Five Strategy Questions to Ask Today


“Start With Why” Is Bad Advice

By January 25, 2017 2 Comments

In his seminal TED talk, author Simon Sinek offers a simple, compelling framework to explain how the best companies, and leaders, “think, act and communicate.”

In a nutshell, Simon suggests that they “start with why” (i.e. they lead with why they do what they do; “their purpose”).

Average organizations and leaders, on the other hand, start with the “what” (i.e. what they do or what they make; their product or service) without giving any explanation of the “why.”

Start With Why

Sinek makes a powerful and persuasive argument and the presentation, How Great Leaders Inspire Action, has been watched over 30 MILLION times.

I am personally responsible for at least 100 of those views.

I’ve shared clips of his talk in workshops and coaching sessions. I’ve even facilitated discussions for company leaders who wanted to define and clarify their “why.”

Despite having spent so much time with the idea however, I’ve struggled to apply the “Golden Circle” framework successfully. I’ve struggled to consistently help my clients discover their “why” and use it to inform decisions on everything from hiring, to new product development.

Of course, this may just be a case of “user error.” But I believe that my experience reveals a small, but important, flaw in the model.

I’ve come to realize that “Start With Why” obscures what really matters when it comes to creating enduring companies and legacies.

Let me explain…


One of the highlights of the talk is Sinek’s description of how “start with why” explains Apple’s success.

First, he imagines what an Apple marketing message might sound like if they were “like everybody else:”

“Hi, we’re Apple. We make great computers. They’re beautifully designed, simple to use, and user-friendly… Want to buy one?”

“Meh,” he exclaims, suggesting that the “ordinary” message is lifeless and uninspiring.

He counters that with this suggestion on how Apple “really” communicates with it’s customers:

“Everything we do we believe in challenging the status quo; we believe in thinking differently. The way we challenge the status quo is by making our products beautifully designed, simple to use and user-friendly. We just happen to make computers. Want to buy one?”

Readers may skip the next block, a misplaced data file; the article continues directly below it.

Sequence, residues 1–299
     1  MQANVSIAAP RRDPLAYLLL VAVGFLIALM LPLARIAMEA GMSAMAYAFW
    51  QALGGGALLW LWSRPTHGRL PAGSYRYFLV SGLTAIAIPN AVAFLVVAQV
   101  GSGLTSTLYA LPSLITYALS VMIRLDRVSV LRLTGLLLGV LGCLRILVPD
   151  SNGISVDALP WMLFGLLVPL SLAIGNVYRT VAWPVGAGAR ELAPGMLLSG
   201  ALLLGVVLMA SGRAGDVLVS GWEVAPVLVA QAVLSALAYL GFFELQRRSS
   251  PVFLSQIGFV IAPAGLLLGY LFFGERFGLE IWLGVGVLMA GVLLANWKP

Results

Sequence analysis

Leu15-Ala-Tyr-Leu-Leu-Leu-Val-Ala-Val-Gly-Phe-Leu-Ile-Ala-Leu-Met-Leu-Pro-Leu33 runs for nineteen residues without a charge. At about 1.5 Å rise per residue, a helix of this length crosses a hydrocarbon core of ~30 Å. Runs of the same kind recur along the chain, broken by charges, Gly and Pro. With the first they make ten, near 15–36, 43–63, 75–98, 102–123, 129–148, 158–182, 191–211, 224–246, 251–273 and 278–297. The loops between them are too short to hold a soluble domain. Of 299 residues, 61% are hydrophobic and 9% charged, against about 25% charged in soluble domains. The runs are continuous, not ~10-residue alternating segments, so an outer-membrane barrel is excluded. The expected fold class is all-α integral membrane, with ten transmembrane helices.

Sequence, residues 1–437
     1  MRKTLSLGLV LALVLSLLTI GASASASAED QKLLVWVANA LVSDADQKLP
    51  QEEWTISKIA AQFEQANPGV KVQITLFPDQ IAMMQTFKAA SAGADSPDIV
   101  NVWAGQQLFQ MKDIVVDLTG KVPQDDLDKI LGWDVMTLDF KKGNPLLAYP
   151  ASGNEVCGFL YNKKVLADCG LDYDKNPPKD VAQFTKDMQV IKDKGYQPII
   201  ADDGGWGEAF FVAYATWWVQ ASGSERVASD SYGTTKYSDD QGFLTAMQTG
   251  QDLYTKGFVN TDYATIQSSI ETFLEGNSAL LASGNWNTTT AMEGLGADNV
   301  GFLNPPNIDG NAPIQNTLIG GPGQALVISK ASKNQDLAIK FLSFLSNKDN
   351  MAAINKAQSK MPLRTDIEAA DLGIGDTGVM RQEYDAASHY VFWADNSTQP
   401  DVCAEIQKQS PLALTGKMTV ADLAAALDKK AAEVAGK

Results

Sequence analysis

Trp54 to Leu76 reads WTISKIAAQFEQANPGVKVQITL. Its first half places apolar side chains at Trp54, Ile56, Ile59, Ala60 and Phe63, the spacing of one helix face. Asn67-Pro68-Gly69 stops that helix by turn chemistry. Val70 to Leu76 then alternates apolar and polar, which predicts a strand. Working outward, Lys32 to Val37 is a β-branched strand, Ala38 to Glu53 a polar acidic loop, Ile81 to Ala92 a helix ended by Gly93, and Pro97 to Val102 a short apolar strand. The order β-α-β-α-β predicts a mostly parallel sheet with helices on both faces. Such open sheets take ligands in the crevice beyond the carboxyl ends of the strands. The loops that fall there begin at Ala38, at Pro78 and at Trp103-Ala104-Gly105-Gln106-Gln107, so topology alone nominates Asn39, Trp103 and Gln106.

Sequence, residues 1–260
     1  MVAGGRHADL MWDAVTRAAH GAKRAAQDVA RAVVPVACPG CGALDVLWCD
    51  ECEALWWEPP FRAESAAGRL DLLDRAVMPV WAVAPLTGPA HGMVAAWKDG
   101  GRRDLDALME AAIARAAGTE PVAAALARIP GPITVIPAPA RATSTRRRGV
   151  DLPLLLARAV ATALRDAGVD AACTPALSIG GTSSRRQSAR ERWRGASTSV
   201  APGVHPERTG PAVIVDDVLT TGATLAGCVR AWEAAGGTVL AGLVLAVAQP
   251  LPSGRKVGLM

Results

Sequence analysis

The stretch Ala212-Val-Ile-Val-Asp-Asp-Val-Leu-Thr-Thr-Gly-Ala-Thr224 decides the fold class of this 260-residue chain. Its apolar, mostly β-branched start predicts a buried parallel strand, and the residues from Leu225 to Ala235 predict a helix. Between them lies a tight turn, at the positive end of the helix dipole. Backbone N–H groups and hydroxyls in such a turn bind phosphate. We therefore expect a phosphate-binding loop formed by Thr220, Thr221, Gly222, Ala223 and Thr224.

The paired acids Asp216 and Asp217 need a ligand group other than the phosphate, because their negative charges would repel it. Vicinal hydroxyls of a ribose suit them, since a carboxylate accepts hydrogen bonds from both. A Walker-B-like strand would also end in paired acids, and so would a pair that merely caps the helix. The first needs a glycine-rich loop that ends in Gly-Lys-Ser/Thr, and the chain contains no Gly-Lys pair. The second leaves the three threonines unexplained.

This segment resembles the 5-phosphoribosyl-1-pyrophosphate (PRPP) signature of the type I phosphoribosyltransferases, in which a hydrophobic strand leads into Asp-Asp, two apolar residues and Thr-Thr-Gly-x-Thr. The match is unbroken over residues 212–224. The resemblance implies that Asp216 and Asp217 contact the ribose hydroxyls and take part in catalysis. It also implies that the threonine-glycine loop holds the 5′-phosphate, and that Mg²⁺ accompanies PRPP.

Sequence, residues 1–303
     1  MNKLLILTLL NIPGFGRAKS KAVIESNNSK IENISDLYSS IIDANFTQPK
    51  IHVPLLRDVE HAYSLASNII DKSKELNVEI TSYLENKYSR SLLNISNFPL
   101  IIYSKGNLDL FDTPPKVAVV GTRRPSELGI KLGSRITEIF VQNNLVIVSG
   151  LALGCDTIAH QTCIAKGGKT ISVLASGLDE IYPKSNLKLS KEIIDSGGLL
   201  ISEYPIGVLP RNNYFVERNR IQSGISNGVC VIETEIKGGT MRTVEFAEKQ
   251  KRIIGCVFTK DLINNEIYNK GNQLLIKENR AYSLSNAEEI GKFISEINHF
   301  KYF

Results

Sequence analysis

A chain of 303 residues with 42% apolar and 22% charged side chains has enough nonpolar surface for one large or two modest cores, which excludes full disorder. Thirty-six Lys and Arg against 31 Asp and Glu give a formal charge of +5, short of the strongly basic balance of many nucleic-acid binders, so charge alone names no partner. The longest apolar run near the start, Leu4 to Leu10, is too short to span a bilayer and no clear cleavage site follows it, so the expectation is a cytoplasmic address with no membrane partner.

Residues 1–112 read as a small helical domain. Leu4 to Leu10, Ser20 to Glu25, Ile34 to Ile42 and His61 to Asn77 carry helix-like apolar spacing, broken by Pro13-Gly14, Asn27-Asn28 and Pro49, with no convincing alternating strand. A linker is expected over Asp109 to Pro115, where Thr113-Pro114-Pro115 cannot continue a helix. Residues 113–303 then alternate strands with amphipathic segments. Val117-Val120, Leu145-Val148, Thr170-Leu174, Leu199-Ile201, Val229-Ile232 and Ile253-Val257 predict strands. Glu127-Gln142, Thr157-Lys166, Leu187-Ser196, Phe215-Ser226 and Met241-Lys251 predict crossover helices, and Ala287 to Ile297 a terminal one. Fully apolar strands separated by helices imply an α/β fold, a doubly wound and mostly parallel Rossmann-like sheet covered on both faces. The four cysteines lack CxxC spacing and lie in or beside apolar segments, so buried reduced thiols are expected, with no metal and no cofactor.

Sinek’s delivery is masterful. And his portrayal of what differentiates Apple is, in my opinion, true.

If, however, you are a leader of a company that wants to replicate Apple’s success by discovering, and starting with, your own “why,” then here’s what you need to understand: Apple’s “why” is the same as yours. If you want to replicate Apple’s success, focus on the “how” instead.


The question left unanswered by Sinek’s model is this: Why does Apple believe in “thinking different?”


From where does that belief come? Why do they continue to maintain that belief?

Answer: Because it’s working for them.

Put another way, they believe in “challenging the status quo” because it allows them to sell increasingly more computers, devices, songs and apps every year.

I don’t mean to say that Apple is the same as Microsoft, or Dell, or Lenovo.

Clearly, it’s not.

That said, despite the many differences among these companies, and the products they make, the one thing they share is, ironically, the “why”: to make a profit.

Steve Jobs may have been a visionary leader and strategist, but he was also the CEO of a publicly-traded company. If “Think Different” failed to produce strong business performance, he would have been out of a job (which, of course, did happen during his first tour at Apple).

Every company shares the same “why” — to make money.

Top-performing companies however (e.g. Apple, Netflix and Amazon, among others), differentiate themselves with their “how” — the values, behaviors and principles that guide their execution.


“Think Different.”

Apple’s tagline is more than just a pithy marketing slogan; they live it as an organization.

It manifests as an approach to problem-solving, and new product development, that is consistently thoughtful, unique and often unexpected.

It’s not their why that explains their success, it’s their how.

As a leader, it’s essential that you, like Steve Jobs and Apple are crystal clear on what you, and your company, value.

Even more, it’s critical that you are able to communicate this to your team, your customers and your investors in a clear and compelling way.

Your “how,” your values, can’t simply be nice-sounding words on a wall, they must mean something within those walls. Real company core values will guide behavior and decision-making across the company even when you, or another senior leader, is not in the room.

Values are the answer to this essential leadership question: in an ever-changing and uncertain world, how must we behave in order to give us the highest probability of long-term success?

If you want to set a clear and compelling path for your company or organization, then “start with why” is bad advice.

Teams that survive and thrive?

They start with “how,” instead.


Note: I am a huge fan of Sinek and his work. I am impressed by both the consistent quality of his insights, as well as his ability to communicate in a way that fosters understanding. He has been able to reach so many leaders with his message and that’s why I wanted to suggest this modification of the model. It’s an idea that’s too important to be misunderstood.

Ben Sands

Author Ben Sands

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